Kentucky Wildcats History


The official nickname for the University of Kentucky's athletics teams is "Wildcats." The nickname became synonymous with UK shortly after a 6-2 football victory over Illinois on Oct. 9, 1909, on the road.

Commandant Carbusier, then head of the military department at old State University, told a group of students in a chapel service following the game that the Kentucky football team had "fought like Wildcats."

Later the name Wildcats became more and more popular among UK followers as well as with members of the media. As a result, the nickname was adopted by the University.


Blue and White

The University of Kentucky adopted blue and white as its official colors in 1892. Originally, however, UK students had decided on blue and light yellow prior to the Kentucky-Centre College football game on December 19, 1891.

The shade of blue, which is close to a royal blue, was chosen when a student asked the question, "What color blue?" At the time, Richard C. Stoll (who lettered in football at UK in 1889-94) pulled off his necktie and held it up. The students then adopted that particular shade of blue.

A year later, UK students officially dropped the light yellow color for white.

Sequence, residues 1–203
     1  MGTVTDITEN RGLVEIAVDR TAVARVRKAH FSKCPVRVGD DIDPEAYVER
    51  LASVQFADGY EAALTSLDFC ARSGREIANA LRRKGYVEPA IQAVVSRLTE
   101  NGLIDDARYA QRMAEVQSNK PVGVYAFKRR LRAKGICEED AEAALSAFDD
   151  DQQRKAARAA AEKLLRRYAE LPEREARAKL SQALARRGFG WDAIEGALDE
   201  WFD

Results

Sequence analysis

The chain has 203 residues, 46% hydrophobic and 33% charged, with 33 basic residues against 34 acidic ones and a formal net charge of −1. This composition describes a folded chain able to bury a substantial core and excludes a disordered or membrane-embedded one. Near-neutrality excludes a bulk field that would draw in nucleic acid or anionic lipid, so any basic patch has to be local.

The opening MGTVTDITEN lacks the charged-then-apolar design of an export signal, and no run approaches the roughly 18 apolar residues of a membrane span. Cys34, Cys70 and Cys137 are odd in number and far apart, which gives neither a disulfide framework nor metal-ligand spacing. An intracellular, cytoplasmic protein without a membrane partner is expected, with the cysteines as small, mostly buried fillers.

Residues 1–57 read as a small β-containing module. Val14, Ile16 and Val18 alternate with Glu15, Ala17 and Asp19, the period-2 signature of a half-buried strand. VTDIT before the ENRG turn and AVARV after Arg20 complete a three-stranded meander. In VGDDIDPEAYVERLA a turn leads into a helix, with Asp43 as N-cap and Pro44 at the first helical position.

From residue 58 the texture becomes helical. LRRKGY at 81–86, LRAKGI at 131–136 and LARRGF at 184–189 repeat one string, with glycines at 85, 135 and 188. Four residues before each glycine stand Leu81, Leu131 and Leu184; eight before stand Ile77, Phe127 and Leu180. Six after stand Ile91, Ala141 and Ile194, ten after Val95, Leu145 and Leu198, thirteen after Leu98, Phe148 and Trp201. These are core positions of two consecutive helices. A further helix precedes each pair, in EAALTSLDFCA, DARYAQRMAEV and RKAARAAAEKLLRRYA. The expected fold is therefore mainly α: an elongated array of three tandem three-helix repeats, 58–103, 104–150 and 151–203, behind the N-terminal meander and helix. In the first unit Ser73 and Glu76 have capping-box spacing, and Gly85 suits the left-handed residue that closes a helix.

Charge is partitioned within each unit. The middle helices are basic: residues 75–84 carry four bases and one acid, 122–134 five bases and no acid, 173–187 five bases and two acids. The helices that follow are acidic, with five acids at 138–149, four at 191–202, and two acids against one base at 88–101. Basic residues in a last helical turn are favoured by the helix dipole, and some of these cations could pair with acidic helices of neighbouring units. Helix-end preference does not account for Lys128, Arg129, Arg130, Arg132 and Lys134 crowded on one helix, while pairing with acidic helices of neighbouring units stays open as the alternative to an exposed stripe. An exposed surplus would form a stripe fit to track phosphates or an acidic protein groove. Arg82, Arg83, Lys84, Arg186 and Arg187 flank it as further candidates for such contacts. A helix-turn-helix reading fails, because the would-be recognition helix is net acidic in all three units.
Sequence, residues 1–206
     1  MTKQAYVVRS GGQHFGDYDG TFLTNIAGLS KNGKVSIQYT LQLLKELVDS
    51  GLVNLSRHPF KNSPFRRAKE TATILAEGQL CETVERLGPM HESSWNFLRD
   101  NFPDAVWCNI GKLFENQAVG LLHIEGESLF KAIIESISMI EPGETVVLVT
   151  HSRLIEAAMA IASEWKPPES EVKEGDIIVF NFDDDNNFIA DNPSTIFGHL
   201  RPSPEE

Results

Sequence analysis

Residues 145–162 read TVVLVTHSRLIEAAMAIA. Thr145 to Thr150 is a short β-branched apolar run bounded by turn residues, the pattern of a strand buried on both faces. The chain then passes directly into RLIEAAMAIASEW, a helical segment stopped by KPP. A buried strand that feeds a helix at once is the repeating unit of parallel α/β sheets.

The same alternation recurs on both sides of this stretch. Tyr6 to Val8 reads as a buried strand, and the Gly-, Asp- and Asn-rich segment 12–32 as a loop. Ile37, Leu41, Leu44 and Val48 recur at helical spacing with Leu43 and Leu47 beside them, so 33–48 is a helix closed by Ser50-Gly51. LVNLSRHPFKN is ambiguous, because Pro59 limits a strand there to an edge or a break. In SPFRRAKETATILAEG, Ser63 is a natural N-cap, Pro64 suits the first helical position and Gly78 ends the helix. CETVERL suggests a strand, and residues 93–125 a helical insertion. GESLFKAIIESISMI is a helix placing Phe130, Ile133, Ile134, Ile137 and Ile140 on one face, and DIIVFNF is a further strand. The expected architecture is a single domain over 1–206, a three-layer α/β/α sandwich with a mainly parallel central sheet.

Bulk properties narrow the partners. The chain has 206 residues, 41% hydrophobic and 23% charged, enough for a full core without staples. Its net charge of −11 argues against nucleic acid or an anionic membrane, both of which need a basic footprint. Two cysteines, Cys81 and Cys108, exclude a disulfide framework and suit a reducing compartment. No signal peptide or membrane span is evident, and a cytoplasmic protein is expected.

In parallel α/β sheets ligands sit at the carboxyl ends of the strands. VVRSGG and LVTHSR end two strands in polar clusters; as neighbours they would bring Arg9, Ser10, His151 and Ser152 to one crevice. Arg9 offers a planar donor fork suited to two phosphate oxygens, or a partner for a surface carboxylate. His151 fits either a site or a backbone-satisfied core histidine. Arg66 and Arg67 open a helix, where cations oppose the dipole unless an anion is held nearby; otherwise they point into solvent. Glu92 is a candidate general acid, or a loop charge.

Rupp Arena

Adolph Rupp is synonymous with winning. As coach of Kentucky, he was a pioneer in the Wildcats’ fast-break offense while becoming the winningest coach the game had ever seen.

The site that now serves as a tribute to his outstanding coaching accomplishments – Rupp Arena – has become one of the most recognizable gymnasiums in the world while serving as home to college basketball’s most storied program.




The 1965-66 UK team earned this nickname because the tallest man among the Wildcats starting five was guard Tommy Kron, at 6-5. Center Thad Jaracz, who worked his way into the starting lineup, was also 6-5, while forwards Larry Conley and Pat Riley were 6-4 and guard Louie Dampier was 6-0. The team became one of Rupp’s favorites during his long tenure at Kentucky. Before the season started, Rupp commented, “I honestly believe that man-for-man we just might have in the making a better team than we had in 1958, when we won the national championship.” The Runts did indeed turn out to be one of the outstanding teams in UK’s glorious history, compiling a sparkling 27-2 record, but coming just one win shy of the NCAA title when upset by Texas Western (now UTEP) in the finals, 72-65. During the 1990-91 season, UK honored Rupp’s Runts on the silver anniversary of their
NCAA runner-up season.


The Teams of Tradition
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